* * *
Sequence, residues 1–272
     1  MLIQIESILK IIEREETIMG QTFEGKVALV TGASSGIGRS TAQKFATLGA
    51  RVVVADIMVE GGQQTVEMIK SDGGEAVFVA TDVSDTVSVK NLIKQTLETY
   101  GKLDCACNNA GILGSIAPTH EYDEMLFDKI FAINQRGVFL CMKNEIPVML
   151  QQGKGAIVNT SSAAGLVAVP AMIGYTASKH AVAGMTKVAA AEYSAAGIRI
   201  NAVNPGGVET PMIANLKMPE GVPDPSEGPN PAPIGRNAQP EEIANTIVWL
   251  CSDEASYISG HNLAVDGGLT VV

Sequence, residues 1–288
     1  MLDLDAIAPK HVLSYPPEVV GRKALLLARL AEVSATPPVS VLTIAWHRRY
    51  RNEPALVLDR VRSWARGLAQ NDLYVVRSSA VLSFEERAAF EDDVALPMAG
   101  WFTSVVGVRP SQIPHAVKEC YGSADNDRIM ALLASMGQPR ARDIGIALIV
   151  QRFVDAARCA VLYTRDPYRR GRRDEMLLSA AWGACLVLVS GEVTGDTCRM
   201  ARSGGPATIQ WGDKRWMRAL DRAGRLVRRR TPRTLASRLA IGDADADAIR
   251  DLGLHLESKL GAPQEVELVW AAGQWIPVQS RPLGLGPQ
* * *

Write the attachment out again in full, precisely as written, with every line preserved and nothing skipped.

Sequence, residues 1–272
     1  MLIQIESILK IIEREETIMG QTFEGKVALV TGASSGIGRS TAQKFATLGA
    51  RVVVADIMVE GGQQTVEMIK SDGGEAVFVA TDVSDTVSVK NLIKQTLETY
   101  GKLDCACNNA GILGSIAPTH EYDEMLFDKI FAINQRGVFL CMKNEIPVML
   151  QQGKGAIVNT SSAAGLVAVP AMIGYTASKH AVAGMTKVAA AEYSAAGIRI
   201  NAVNPGGVET PMIANLKMPE GVPDPSEGPN PAPIGRNAQP EEIANTIVWL
   251  CSDEASYISG HNLAVDGGLT VV

Sequence, residues 1–288
     1  MLDLDAIAPK HVLSYPPEVV GRKALLLARL AEVSATPPVS VLTIAWHRRY
    51  RNEPALVLDR VRSWARGLAQ NDLYVVRSSA VLSFEERAAF EDDVALPMAG
   101  WFTSVVGVRP SQIPHAVKEC YGSADNDRIM ALLASMGQPR ARDIGIALIV
   151  QRFVDAARCA VLYTRDPYRR GRRDEMLLSA AWGACLVLVS GEVTGDTCRM
   201  ARSGGPATIQ WGDKRWMRAL DRAGRLVRRR TPRTLASRLA IGDADADAIR
   251  DLGLHLESKL GAPQEVELVW AAGQWIPVQS RPLGLGPQ